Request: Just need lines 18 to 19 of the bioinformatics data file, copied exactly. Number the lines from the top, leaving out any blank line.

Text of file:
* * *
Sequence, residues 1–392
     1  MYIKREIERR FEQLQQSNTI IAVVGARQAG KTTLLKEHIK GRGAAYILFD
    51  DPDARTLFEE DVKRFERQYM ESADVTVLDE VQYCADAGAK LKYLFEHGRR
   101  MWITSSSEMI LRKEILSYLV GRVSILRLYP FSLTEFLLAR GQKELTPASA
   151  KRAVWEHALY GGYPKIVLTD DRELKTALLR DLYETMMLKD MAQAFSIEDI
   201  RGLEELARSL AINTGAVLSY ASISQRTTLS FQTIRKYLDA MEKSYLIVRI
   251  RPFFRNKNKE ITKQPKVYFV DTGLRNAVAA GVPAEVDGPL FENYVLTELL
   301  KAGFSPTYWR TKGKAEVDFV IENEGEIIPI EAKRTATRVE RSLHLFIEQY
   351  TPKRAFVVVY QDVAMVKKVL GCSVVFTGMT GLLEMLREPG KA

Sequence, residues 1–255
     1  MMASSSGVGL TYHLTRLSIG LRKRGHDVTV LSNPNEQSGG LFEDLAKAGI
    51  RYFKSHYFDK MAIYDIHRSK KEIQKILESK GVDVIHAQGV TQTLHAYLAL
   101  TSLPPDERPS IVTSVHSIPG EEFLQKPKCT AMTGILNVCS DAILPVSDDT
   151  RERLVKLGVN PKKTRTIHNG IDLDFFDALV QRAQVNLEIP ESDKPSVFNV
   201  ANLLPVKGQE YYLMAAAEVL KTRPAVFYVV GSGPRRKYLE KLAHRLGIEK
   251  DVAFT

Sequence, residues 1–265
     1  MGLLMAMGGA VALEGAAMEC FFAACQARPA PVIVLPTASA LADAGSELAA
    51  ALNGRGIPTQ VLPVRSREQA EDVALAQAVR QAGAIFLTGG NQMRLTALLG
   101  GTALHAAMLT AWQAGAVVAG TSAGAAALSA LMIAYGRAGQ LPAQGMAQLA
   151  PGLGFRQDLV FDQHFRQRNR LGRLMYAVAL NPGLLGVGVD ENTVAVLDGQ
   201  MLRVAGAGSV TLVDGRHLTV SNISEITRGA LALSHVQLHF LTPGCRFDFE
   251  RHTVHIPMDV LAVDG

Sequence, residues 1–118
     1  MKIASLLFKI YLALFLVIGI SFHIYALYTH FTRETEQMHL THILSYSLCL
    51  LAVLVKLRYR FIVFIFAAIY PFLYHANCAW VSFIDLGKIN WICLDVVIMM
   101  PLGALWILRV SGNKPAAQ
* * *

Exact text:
     1  MGLLMAMGGA VALEGAAMEC FFAACQARPA PVIVLPTASA LADAGSELAA
    51  ALNGRGIPTQ VLPVRSREQA EDVALAQAVR QAGAIFLTGG NQMRLTALLG